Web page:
There’s a small shop in Newcastle (where I’ve lived since age 13, though I do not regard it as my hometown), that sells lots of ‘ethnic’ (i.e., not ethnically white) jewellery and trinkets. They boast an array of Afrocentric necklaces and earrings from Kenya, which I have purchased after much internal deliberation over the ethics of such consumption. The shop is owned by two white people. The manager often travels to Kenya to buy jewellery from the markets there to resell in England. I’d often wonder to myself whether doing this as a European, to then sell at a 400% mark up in the UK, was morally sound. However, I reasoned with myself that they would always be fully transparent over where their stock came from; their business did help the local Kenyan economy; and without their enterprise, I would not have been able to come into contact with such beautiful ornaments, certainly not in Newcastle anyway. The last point is what sealed the deal for me. Furthermore, one of my Nigerian-British friends who had recently been to the country told me of her going to the tailor to get clothes personally made for her, at 1/10th of the price you’d come across in England. As a fashionista, this was a huge selling point for me.

Pardon the rather long digression, but I had to set the context of my primary desires to make my account more informative. Now back to the main story, my aunt of course agreed to take me, first to the local market and then to the much larger one that was more central. The trip to the local market was principally to buy food and hair extensions, as I wanted to get my hair done in faux locs at the Dove beauty salon near my auntie’s house. The hustle and bustle of just the local market alone was enough to engage my senses with a multitude of colours, sounds and smells, which thoroughly enthralled my globetrotter being.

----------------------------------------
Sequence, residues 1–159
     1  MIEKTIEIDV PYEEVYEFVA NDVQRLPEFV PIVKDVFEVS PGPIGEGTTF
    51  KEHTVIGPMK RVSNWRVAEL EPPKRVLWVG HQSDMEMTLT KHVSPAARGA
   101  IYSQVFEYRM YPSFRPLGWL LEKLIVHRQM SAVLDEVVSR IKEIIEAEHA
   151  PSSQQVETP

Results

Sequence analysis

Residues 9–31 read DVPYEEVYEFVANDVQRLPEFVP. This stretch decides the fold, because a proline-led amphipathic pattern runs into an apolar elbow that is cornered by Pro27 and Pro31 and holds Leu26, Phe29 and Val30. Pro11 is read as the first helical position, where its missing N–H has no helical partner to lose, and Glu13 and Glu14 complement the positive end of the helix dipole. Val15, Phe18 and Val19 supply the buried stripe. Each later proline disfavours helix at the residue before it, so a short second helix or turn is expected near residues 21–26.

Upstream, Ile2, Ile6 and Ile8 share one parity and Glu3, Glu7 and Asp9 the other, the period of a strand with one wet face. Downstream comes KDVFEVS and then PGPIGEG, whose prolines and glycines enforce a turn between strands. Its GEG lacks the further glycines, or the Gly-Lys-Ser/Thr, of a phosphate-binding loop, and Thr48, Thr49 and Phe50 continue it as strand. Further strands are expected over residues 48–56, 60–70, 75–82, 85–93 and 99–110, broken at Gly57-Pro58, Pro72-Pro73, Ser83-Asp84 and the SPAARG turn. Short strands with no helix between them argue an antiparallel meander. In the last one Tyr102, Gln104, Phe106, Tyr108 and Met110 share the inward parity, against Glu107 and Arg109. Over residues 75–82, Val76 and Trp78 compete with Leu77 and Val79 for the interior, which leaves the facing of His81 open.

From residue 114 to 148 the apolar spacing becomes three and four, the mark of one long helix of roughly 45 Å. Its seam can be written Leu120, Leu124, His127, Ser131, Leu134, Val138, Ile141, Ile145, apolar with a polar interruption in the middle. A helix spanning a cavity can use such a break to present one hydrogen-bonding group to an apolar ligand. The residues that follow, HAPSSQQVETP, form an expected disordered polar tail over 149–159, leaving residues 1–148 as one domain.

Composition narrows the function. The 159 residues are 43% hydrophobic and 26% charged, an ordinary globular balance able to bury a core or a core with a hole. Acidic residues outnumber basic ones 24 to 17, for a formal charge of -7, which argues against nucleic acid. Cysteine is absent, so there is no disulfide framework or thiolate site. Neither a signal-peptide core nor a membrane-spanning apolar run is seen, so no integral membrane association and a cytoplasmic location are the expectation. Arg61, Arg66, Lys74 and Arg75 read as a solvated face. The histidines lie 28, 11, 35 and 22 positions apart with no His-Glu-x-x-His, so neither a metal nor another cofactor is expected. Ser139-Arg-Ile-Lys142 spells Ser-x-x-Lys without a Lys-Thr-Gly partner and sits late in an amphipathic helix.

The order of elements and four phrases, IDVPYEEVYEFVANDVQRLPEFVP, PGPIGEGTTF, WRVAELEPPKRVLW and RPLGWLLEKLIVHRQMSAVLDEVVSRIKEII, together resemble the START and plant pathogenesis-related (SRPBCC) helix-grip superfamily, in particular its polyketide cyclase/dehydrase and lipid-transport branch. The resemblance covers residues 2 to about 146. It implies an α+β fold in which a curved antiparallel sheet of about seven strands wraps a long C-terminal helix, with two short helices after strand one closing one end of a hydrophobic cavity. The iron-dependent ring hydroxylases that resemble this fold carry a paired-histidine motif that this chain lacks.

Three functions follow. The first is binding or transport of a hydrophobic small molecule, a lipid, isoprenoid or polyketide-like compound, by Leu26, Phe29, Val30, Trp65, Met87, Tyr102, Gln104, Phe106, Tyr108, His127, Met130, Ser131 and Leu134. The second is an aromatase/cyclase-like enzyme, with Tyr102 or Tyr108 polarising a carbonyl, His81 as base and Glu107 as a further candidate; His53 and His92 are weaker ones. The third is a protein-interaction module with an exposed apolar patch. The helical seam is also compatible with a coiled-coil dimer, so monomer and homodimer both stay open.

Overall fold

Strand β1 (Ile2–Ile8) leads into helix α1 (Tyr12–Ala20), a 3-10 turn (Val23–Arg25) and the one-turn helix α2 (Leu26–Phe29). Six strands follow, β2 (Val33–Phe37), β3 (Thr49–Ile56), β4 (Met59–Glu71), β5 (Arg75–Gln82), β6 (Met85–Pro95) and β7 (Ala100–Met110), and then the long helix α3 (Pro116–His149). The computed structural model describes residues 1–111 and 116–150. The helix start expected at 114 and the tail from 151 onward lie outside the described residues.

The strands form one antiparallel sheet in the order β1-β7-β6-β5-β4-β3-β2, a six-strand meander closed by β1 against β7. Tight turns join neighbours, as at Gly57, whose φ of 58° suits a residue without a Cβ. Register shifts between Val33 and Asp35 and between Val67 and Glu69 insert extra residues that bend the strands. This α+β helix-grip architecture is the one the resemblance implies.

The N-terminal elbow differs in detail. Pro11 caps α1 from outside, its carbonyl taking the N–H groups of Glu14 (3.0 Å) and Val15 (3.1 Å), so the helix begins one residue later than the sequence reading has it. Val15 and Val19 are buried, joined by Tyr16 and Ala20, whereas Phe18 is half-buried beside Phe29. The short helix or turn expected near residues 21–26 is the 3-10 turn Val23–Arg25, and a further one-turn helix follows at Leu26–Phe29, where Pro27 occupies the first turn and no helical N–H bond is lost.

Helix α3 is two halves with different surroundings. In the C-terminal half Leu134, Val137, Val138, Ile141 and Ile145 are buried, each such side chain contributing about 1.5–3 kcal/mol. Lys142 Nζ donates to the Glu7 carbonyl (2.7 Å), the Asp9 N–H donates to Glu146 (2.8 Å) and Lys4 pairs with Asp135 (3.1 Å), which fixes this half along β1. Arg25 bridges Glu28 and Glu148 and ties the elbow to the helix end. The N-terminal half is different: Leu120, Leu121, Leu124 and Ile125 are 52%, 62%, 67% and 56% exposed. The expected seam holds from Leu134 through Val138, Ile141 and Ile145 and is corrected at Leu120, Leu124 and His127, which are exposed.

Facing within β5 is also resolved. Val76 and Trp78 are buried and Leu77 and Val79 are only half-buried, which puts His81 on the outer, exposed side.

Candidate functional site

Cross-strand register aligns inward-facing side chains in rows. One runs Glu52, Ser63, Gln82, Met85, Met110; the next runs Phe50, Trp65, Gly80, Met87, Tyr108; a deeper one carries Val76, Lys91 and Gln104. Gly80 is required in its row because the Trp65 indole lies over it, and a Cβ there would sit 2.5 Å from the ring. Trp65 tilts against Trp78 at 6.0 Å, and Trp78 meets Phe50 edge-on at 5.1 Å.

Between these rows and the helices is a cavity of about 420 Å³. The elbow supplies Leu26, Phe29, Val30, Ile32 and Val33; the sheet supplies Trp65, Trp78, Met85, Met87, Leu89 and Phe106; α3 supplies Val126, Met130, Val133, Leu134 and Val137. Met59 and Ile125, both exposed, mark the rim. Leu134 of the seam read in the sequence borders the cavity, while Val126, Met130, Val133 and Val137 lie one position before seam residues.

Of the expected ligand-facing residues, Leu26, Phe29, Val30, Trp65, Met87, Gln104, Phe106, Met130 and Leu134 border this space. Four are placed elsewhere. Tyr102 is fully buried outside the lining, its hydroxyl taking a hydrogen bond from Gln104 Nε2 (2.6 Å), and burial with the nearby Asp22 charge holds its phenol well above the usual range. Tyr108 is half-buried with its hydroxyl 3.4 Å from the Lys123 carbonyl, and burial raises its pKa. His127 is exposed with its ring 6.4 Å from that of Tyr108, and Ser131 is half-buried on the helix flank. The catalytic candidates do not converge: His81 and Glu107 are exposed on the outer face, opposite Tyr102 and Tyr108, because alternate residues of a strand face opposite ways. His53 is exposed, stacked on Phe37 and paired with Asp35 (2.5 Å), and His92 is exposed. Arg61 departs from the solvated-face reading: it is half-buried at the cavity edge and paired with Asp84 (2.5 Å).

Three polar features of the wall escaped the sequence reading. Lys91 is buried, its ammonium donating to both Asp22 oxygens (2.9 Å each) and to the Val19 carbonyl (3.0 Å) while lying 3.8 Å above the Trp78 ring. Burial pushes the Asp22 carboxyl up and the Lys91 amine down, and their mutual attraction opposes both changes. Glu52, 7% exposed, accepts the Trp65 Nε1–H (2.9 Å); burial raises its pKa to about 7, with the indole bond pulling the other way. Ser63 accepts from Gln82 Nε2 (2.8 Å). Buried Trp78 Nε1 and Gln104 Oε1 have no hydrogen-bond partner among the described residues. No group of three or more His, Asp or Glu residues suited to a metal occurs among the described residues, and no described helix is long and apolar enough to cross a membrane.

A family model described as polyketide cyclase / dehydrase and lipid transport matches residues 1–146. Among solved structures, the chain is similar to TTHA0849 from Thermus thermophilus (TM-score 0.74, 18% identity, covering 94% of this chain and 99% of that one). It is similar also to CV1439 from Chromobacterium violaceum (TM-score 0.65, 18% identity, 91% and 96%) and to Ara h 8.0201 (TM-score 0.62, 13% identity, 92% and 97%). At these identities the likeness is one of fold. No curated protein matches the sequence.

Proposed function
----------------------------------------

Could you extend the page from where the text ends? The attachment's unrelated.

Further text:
Here are some pictures which I feel capture the spirit of the local market I visited. As a Westerner, I didn’t want to make the native marketgoers the ‘objects’ of my photos for fear of encouraging colonialist undertones. Rather, I wanted to make them the subjects of my images and show them as multi-dimensional beings against the indigenous backdrop:

Photo Credit: Hannah Uguru

Photo Credit: Hannah Uguru

The local Ikeja stalls were merely the prelude for the even grander and busier Balogun market, which Aunt Lily drove me to. Sprawling across a concrete network of fabric, clothing and jewellery stalls, it is one of the most notable markets in Lagos and Nigeria.

To be continued…

Written By: Our Commissioning Editor Hannah Uguru – who is an award-winning writer who is passionate about discussions centring black women and the nuances within this identity. Connect with her on Instagram and on her blog.

Header Image: Book cover ‘With Love From Nigeria‘ by Bernard Halstead